Northwest Arkansas Times from Fayetteville, Arkansas on October 27, 1974 · Page 2
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Northwest Arkansas Times from Fayetteville, Arkansas · Page 2

Fayetteville, Arkansas
Issue Date:
Sunday, October 27, 1974
Page 2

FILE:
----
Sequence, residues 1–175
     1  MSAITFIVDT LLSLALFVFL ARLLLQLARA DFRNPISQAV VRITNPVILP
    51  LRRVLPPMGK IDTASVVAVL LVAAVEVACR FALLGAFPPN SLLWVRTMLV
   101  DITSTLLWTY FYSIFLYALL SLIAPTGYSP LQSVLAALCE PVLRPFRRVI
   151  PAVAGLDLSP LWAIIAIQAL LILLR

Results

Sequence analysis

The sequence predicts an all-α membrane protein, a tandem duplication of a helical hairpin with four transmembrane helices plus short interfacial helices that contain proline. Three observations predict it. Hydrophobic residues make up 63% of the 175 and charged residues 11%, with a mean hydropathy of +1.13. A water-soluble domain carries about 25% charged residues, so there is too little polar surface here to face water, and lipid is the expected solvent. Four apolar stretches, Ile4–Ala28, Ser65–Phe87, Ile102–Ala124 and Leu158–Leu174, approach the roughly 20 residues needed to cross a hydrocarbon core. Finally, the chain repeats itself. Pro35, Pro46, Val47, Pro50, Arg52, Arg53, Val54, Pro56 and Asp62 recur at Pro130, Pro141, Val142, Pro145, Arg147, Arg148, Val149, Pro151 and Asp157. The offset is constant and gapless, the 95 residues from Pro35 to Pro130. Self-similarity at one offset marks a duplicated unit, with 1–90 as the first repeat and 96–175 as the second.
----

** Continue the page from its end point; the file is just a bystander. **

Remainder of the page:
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Northweil Arlcanwis TIMES, Sun., Oct. 27, 1974 FAVITTIVI|.Lt. AKKAM»A» To Discuss 'Matters Of Mutual Interest' Ford-Brezhnev To Meet In Russia Nov. 23 MOSCOW (AP) -- President ' Ford and Soviet leader Leonid I. Brezhnev will meet near Vladivostok in the Soviet Far "'East on Nov. 23-24 to discuss ger and Brezhnev have "matters of mutual interest," [reached an agreement, "the White House and the Krem-:were optimistic one talks vain Brezhznev, but described the bargaining as tough. U.S. officials said that Kissm- not but could be "lin announced Saturday. achieved by the time the Soviet The session, following Ford's leader visits Washington early planned visits to Japan and next summer. South Korea, will give Brezh- The precise site of the short . 'nev a chance to sire up the new '"President while they work on narrowing ditftrences over a ·- new nuclear arms limitation .. agreement. The Middle East ; and European security are also · expected to be high on the ·'. agenda. i Narrowing the differences on · arms limitation began during ! the current Moscow visit of ' Secretary of State Henry A. . Kissinger. He has claimed I progress in his three days of November summit between p'ord and Brezhnev was not disclosed. The official announcement, both here and in Washington, said only that the two leaders would meet "in the vicinity of Vladivostok to exchange views on matters of mutual interest." Vladivostok, a strategic port and naval headquqarters for the Soviet Pacific fleet, is 450 miles north of Seoul, South Korea's capital, where Ford will visit niv^ Obituary Medical Bag, Instruments Reported Stolen MRS. MELBA CATTO Prairie Grove -- Mrs. Mclba \Vitcy Calto. 80. or Farmiuglon. died Saturday in a FayeUeville hospital. Born July 9. 1894 in Quannah. Tex., the daughter of Episcopalian and teacher. Survivors are the husband, Keith Angus Calto of the home; one son, Keith A. Jr. of Duncan, Okla.; two daughters, Mrs. ' -- of Littleton, Melba Joan King Miss Awards Presented At Rural Producers Exchange Banquet About 150 childrtn, women and men enjoyed a potluck dinner Saturday night in Agri Park at the first annual awards supper for the Rural Mountains P r o d u c e r s Exchange. The UA Debate Tourney To Be Held HOY. 1-2 Approximately 800 high school students will participate in the llth annual University of Arkansas Speech and Debate Tournament for High Schools here Nov. 1 and 2. Under the sponsorship of the University's Department of Speech 'and Dramatic Arts and the Division of Continuing Education, the tournament is designed to give the greatest amount of performing experiences to all of the students, Mary Ingalls, director Department's Forensics Exchange was organized early this year to hold tri-weekly farmer's market in Fayetteville and Springdale. Among those present were s p e c i a l guests including Fayetteville mayor, Russell Purdy; Washington County judge, Vol Lester, several Fayetteville d i r e c t o r s a n d candidates in the general election, and residents of the Hill- Nov. 22-23. The city normally is John Thomas closed to Westerns. Manning Wiley, Brezhnev and Ford's ex- discussion ot the Middle East crisis will be significant because despite detente, the two powers have been trying to influence the Arabs along different paths toward a settle- James A. ment with Israel. Colo., and While Kissinger is promoting atep-by-step negotiations and a temporary shelving of the Palestinian issue, the Soviets have been pressing for a resumption of the Geneva peace conference to work on a full-blown Middle East settlement. The European Security Conference in Geneva has» also been tied up in an East-West dispute, and the Ford-Brezhnev session will enable the two leaders to exchange views on the subject. Referring to his Moscow talks with Brezhnev, Kissinger said in a luncheon toast Saturday: "On this trip we made good progress in a number of fields and set a direction we hope and expect will be to the benefit of our two peoples and the benefit of all mankind." In reply Soviet Foreign Minister Andrei A. Gromyko explained the slow pace of the weapons talks and the mutual and she Martha an art was an OTTO (TOBE) GAGE Otto (Tobc) Gage, 68, of Catto of the home; one brother, J o h n Thomas Wiley of Anacorte, Wash., and one sister, Mrs. George W. Walters of Houston. Tex. Funeral services will be at 10:30 a.m. Tuesday at St. Paul's Episcopal Church with burial in t h e Farmington Cemetery under direction of Luginbue Funeral Home. Fayetteville died Saturday in a local hospital. Born May 9. 1906 at Fayetteville, the son of Mollis Denver and Loretta Wright Gage, he was the owner of Tri-States Sales Inc. He is survived by one son. John Lloyd of Fayetleville; one laughter, Mrs. Helen Sandor ot Lodi, CaL; one step-daughter, Mrs. Sharon Fificld of Tulsa; one brother, Nelson of Lodi; sister, Mrs. Allie Keener of Lodi; eight grandchildren and one great-grandchild. A medical bag containing 1 about $250 worth of Instruments was stolen from a pickup truck owned by Dr. David Martin, 2280 Winwood Drive, early Saturday morning. A neighbor ot Dr. Martin's reported to police at 12:27 a.m. that he had seen someone take bag from the pickup, parked Funeral arrangements will ' announced by Nelson's Funeral Home. JACKIE BOWLINGS Jackie Donald Bowlings, it thi Martin residence,; The neighbor said lie chased the man through several back yards in the neighborhood before losing him. Dr. Martin reported that the bag contained a stethoscope, blood pressure cuff, one or two odescopes and a reflex hammer. He said the bag did not contain any medication. Tap* Player Taken David Power of Route 1, Winslow told Fayetteville police Friday that an eight-tract stereo tape player and several tapes were stolen from his cur late Thursday night while it was parked on West Dickson Sleet. Total value ot the items was placed ill $150. 21. Environmental (CONTINUED FROM PAGE I) same lime, in the same place on Tuesday and Wednesday evenings. Tuesday evening, Nov. 5, will negotiations crest Towers. The Hillcrest Towers group Mrs. of the P r o g r a m and tournament director, said the University's laboratory theater in the Communications Center will be used for radio speaking; and television speaking will be held in the Department's television lab. Assisting Mrs. Ingalls will be m e m b e r s of the speech faculty and graduate and undergraduate students. Attending the tournament will be students from Arkansas, Missouri, Oklahoma, Louisiana, Texas, Kentucky and Ten! nessee. received, a special award from ;he Exchange in appreciation for the constant encouragement received from the senior citizens during the market season. Awards to L. C. most active participant in the markets; to Jack and Geneva Bauer for grossing the greatest amount of sales this season; to Tim and Bella Jo Cairns for being Ihe most promising young hope of success. "Frequently have to go through several stages." he said. "The important thing is there should be movement from one stage to the next, that each stage should bring new success leading to ultimate agreement and accord. "That is how we see the necessary approach to outstanding issues of the day." Kissinger and Brezhnev met for TA hours in their final session of talks Saturday that eventually broke up at mid- were also presented Ward for being the night. Gromyko nenfeldt, a farmers. To Donald Jones, Brian, Valerie and Cindy of White River Farms for being the most versatile producers at the markets; to Amber Path for being the most promising organic farmer; to Elizabeth Bell for being the most promising outstanding specialty producer (African violets); To Marcella Thompson for her work in coordinating the m a r k e t s to Downtown Sales Fayetteville, Unilimited for outstanding community service: to the City ot Fayetteville for the community appreciation award; to Eleanor Johnson and Viola Nichols for their work in s c r e e n i n g t h e handcrafts and U.S. Helmut Son- arms expert, were present for 2% hours and additional aides were called in. But for the final 90 minutes Brezhnev and Kissinger met with only an interpreter. Interviews Set Wilh Candidates SPRINGDALE--Candidates for the mayoral position, David Miller and David Adair, will be interviewed at 2:30 p.m. today at the National Guard Armory on East Sunset Avenue. The other two men in the race, Roy Ritter and incumbent Park Phillips, have said they -'" *·- unable to attend the with the ACORN will be session (Arkansas said buyers are being away by sky-high (COOTTrTOED FROM PAGE 1) · instead of buy. ! At midweek, after disclosing · a third-quarter loss of $8 mil! lion at Chrysler Corp., Chair; man Lynn Townsend said con- · sumers "have been asked not ; to buy, and they're not buy' ing." ; But Jack Neal, a spokesman ; for the National Automobile « Dealers Association in Wash; ington, · scared ; prices. One Big Three vice president, i who did not want to be in- dentified, said there is a lot of ; sympathy in industry circles ; for Townsend's attack on Ford, i He said he believes restrictive \ government credit policies . "have hurt us more than any', thing, maybe more than high · prices." ' Even if consumer thrift Is ·· playing a big role in the sag' ging sales picture, in the words | of one dealer: "It's that brand . new price tag that's proving so ' resistible." displayed at the markets and :o Ben Heynem for "endurance and persistence in the face of adversity as market manager." Perry Withdraws Innocent Plea (AP) _ Jim- 41, of Arka- C o m m u n i t y Protest Killing COLOMBO, Sir Lanka (AP) -- The local Wildlife Protection Society sought an urgent meeting today with Prime Minister Sirimavo Bandaranaike to protest the killing of elephants in removing them from near a newly built-up area. The society released a photo- raph showing an elephant with ts hind leg cut to the bone by ', restraining ropes, resulting in · mortal injury to Another pictured LITTLE ROCK mie Cal Perry, , - delphia withdrew his innocent plea to 23 counts involving the preparation of false income tax returns for other individuals and pleaded guilty to the charges, according to a prepared statement released Saturday by the Internal Revenue Service. · Four similar counts were dismissed by the government. No date for sentencing has been set. The IRS said Perry currently is free on bond. Perrry's innocent plea to four additional counts which involve the preparation and signing of his personal income fax returns for 1969-1972 remains in efffect, the IRS said. No trial date has been set for those charges. Postal Service Hit By Congressman Srganizations for Reform Now) Political Action Committee.. Seven questions, ranging from wssible; street improvements to he publishing of city expendi- -ures in local papers, will be put to the candidates. The questions were drawn up by the committee. ACORN members and other interested persons will sit in on the interviews. Following the session with the candidates. ACORN members will be 'polled to see whom they wish their organization to offically support in the Nov. 5 election. f e a t u r e backpacking discussions, while Wednesday evening, Nov. 6, will be .devoted to canoeing. Jim Killer, of the state Department of Parks and Tourism will open Tuesday's programs with his slide presentation at 11:30 a.m. in the Union Theater. Killer will discuss his department's role in educating the public in matters of environment. A land use management s y m p o s i u m will highlight Tuesday afternoon's events. Scheduled from 1 p.m. to 3 p.m., the panel will consist of Trut Holder of the state Department of Pollution Control and Ecology. Bill Bush of the Arkansas Geological Survey, and Jim Vizzier, a local consulting planner. The three men will field questions from the audience following 10-minute presentations by each of them. The symposiuh will delve into the consideration of ecological problems arising from the lack of planning, the methods needed in mapping how to avoid these problems, and the ways to get the developers to use the new methods. The monthly meeting of the campus Planning and Development Committee will be held at 7:30 p.m. Tuesday, Nov. 5, in the Arkansas Union Theater. Students, faculty and administrators comprise the commit- .ee. The meeting is open to the public. Another trio of films will be shown Wednesday, Nov. 6, at the Union Theater between 1:30 p.m. and 3 p.m. Titles are "So of Texas City, Tex., died Thursday in a Galveston, Tex., hospital. Born May 26, 1953 at Texas City, he was Ihe son of Houston and Esther Kelly Bowl- ling and a member of the Church of Christ. He is survived by two brothers, Eugene of the home and Richard of Alta Loma, TPX., and one sister. Miss Sherri Lynn Bowlings of the home. Funeral services will be at 2 p.m. Monday at the Greenland Church of C h r i s t with bnrial in the Baptist Ford Cemetery under the direction of Moore's Chapel. CARL WILLIAMS Carl H. Williams, 56, of Elkins was dead on arrival at a local hospital Saturday. Born Aug. 25, 1918 at Fayettevilie, the son of Claude and Letha Thomas Williams, he was a retired railroad worker, a veteran of World War II and a Baptist. He is survived by the widow, Mrs. Lois Stamps Williams of the home; one son, Gary of the ' ' Mrs. Colo., nome; two daughters, Carla Martin of Greeley, --,,,., and Mrs. Janis Abe! of Fayetteville; his father and _ stepmother. Mr. Williams of sisler, Mrs. Sue Terry of Chickasha, Okla.; four brothers, and Mrs. Claude Springdale; one Raymond of Tommy and Fayetteville Shreveport, La.; Bobby, ooth of and Doyle of Springdale and two grandchildren. Arrangements will be announced by Moore's Chapel. New Champion jit Hunger fCONTrNUED rROM PAGE ONE) dable when times are easy and superfluous when times become temporarily troublesome." "Aid is a continuing social NOVATO, Calif. (AP) -Brian Partenfelder, 11, claims that he is the new world's pogo stick champion. Jumping in his own garage and averaging about two jumps a second, after 19,111 jarring jumps Brian quit, with a sore neck and blisters on each of his feet. Brian did not pause for food or water, but his mother threw water over his head every once in a while. According . Time," "The American to the Guinness ; g ' it the animal. a perfectly · formed foetus lost by the moth' er during a struggle to capture her. Founded lSfl Ml N. Eiit ATI. F«re«trtlle, Art. 7TTO1 Published dally and Bandar except January 1, July 4. Thanksgtolnff aad Christmas. Second CTass Postage P»!d at Kayellevflle, Art. MEMBOt ASSOCIATED The Associated Press Is tntiued exclusively to Hie nse lor rfrpotJlca- tlon of all local newj printed ta thil newspaper u we]] as all AP news dispatches. ltmSf,«IPTlON RATES EHKHvt October 1, 1373 BOOM DeNrerr VtT month by carrier ,1--. $3.25 flnrfe copy dally lOc. Sunday 3Go C.s. Mil] In Washloalon, Bentn, Madlsoo Cocft- !«, Art* Adalr (Jo., Okla.; S montbx i months I YEAR City Bar lection Outride tbon eooflfc*: 9 month* _ t months ,,___.-~--____ t YlAB __ . MOO SI-DO . WOO M.N til. HAH, »CB»ciurnow MTABU Of ADVAMGB JONESBORO, Ark. (AP) Rep. said Bill here Alexander, D-Ark., Saturday that the U.S. Postal Service doesn't have the will to correct its deficiencies. He made meeting of the his remarks at a postal service advisory committee at Arkansas State University. The tommiltee made recommendations to be presented to a joint hearing of two congressional subcommittees Nov. 15 at West Memphis. ' Some of the recommendations include making the postal Service answerable to Congress, giving local postmasters more authority in decision making and decentralizing current mail centers. Alexander said (he current postal service policies are evidence of an urban bias through which policies are formulated to meet the needs ot large cities and not rural areas. and moral responsibility, and its need now is greater than ever," he said in a recent speech. He. argues that the affluent nations of the world should accept "some selective reduction in their already immensely high standard of living" to help ward off starvation in the world's poorest nations. Lester R. Rrown. a food ,,. pert with the Overseas Development Council and a former Agriculture Department official, also says Americans must do some "belt-lightening to be sure death rates do not rise dramatically in a number of developing countries." He said at a news conference this past week that there already is "disturbing evidence" that the 20-year decline in death rates has been reversed in anywhere from 12 to 20 developing nations of the world. Agriculture Secretary Butz, who will be the official U.S. delegate to the Rome conference, says along with Martin and others that the solution to the world's food needs in the next decade will be inlernal agriculture development in all countries. Holiday Origins KANSAS C I T Y (AP) -Ghosts, rattling skeletons and witches on broomsticks became part of Halloween celebrations during the Middle Ages, when superstition was rife. But, according to Hallmark researcher Sally Hopkins, black cats were associated with Halloween years earlier. Druid priests in ancient France and Britain worshiped Samhain, the God of Death, on Halloween right. The Druids believed black cats were sacred, since they embodied the souls of people whom Samhain had punished. Trial," and "Sodbuster." BLANCHARD SPRINGS From 3 p.m. to 4 p.m., a slide show and lecture on Blanchard Springs Caverns will be held. A public relations ranger from the Caverns will speak at the Union Theater. The president of the Ozark Society, Dr. Joe Nix, will.speak on the scenic rivers and natural areas of Arkansas at 6:30 p.m. Wednesday in room M417 of the Arkansas Union. Following his :alk, Tom Aley, a local hydrologist, will discuss surface a n d subsurface waters in Northwest Arkansas in the same room at B p.m. At 12:30 p.m. Thursday afternoon, Nov. 7, Joe Gaston of the Soil Conservation Service will present a talk and slides on Arkansas snakes and wildflowers, and, at 2 p.m., on pollution problems and solutions. How the Corps of Engineers is reformulating its policies on flood control projects is the topic of Gene Washburn's talks Thursday at 3 p.m. in the Union Theater. Washburn, chief of the Reports and Economics section ot the Little Rock District of the Corps of Engineers, will discuss the Fourche Bayou project as an example of how the Engineers revised plans to meet the public's wants. The week will close Friday afternoon with the 3:30 p.m. showing of the following films 71 the Union Theater: "Wealth " "Noise: New P r o b l e m s o f Book of Records the previous pogo jumping record was 11,052, set in 1971 by Stephen Newman, 12, of Great Haywood near Stafford, England. Saddle Antique Camel Saddle Brown Tassel /^ Ohfy When you select a pair of shoes by Bass -- their famous WEEJUNS, TACKS, BROGUES, etc. you know they're the latest in fashion. But perhaps you didn't know that Bass has been "new in fashion" for 98 years! That all Bass footwear is natural leather. That the old-time shoemaking skills are still evident in every pair of Bass shoes. If you're looking for value for the price, fashion rather than fad, Bass shoes are. probably the most satisfying you've ever worn . . . for quality, craftsmanship, character. TRUMPETER SHOP Two Suspects Held CLEVELAND, Ohio fAPI -Two men were arrested Saturday in the deaths of five persons slain late Friday night when a gunman opened fire at a birthday party with an automatic carbine, police said. Lt. Ralph Joyce, chief of the said police were not searching for other suspects. He said the shooting was being investigated and declined further comment. MISSED YOUR PAPER? WE'RE SORRY! U you cannot reach your TIMES carrier PHONE 44M24Z Dally 5 to 6:30 p.m. Saturday 3 to 6 p.m. Sunday 8 to 8:30 ».m. from Waste Pollutant," ' ' C o n s e r v a t i o n : :Air," a n d "Waslcwalcr Bonanza." Several exhibits will be on display during the week in- cludng an art gallery of children's art depicting pollution through their eyes, a freestanding structure built by the architecture students; a videotaped documentary on the controversial plan to build two wastewater treatment plants on the Illinois River; and a general information booth on environmental concerns in the Union. People Helping People Dirtctorf of ink Funeral Servic* lf Services: QACr, Ofl» (Tab*) -Arrangement pendin?. HI I ATT, Mrs. LIllln *. -Wednesday, 2:00 p.m. Chapel of RIckctt'B Funeral Home, Eminence, Kentucky, Inter- m e n t , Smithfie]d Cemetery. NAFIIK, MM. MM Myrtlt -Monday, 2:00 p.m. McCord Church. Rev. BaaLI Ledford oniclatin*. Intern*.:.".!, McCord Cemetery, CORRECTION! The'following map was recently published as a part of a Bruce Crirler advertisement and purported (o represent all these blacktopped roads as accomplishements of Bruce Crider's administration and illustrate his use of federal aid. U contained a n u m b e r of. factual errors. We are Washington County Highway Department employees with service that goes back 18 and 13 years respectively. Here are some of the errors of which we have persona! knowledge. .·Kenneth Hughes, J. D. Brown B'~ C ^| ,'·-- · ~'."~A*. (See numbers below) I -Tins is a p p a r e n t l y V-iney Grove lload. the circled parl was hlacktopped by Judge Bill Bush, the rest blncklnpped liy thcOrirler administradon. . i - This is apparently, the Jackson Highway, built in llic r»nrrs by Judge Thrasher'* administration. :! - This is apparently Ihe Lake Sequoyah Road blacktoppcd by Judge A r t h u r Martin in the I960's. ·1 - The gravel base for this road was applied durine llic Criner adminisfr-alion hat the blacktopplng and preparation for il was done by the Arthur Martin iinimiiislra(ioi). * - Sections circled with a solid line, as best we can tell by the confusing use of a map, were not built by Bruce Crider administration. * - Sections circled with a dotted line, as best we can tell by the confusing use of a map, were not built as federal aid roads, which required inspection by the state and compliance with State Highway Department specifications. 5-This is a p p a r e n t l y a roan that connects Tnnlilown lo Harm nil w h i c h was actually black top peri by Judge Bill Hush's a d m i n i s t r a t i o n . K . The uncircled portion of (his road, which links llwy. 68 to War Eagle Cove, was built by the Crider administration: but the circled portion was built by Judge Gene Thrasher's a d m i n i s t r a t i o n . 7 - It's impossible to tell w h a t roads these are or where they are located. It is d o u b t f u l t h e r e are even tliis many county roads In this densely populated area between Springdale and Tontito'wn. Pol. Ad paid by Kenneth Hughes and J. D. Brown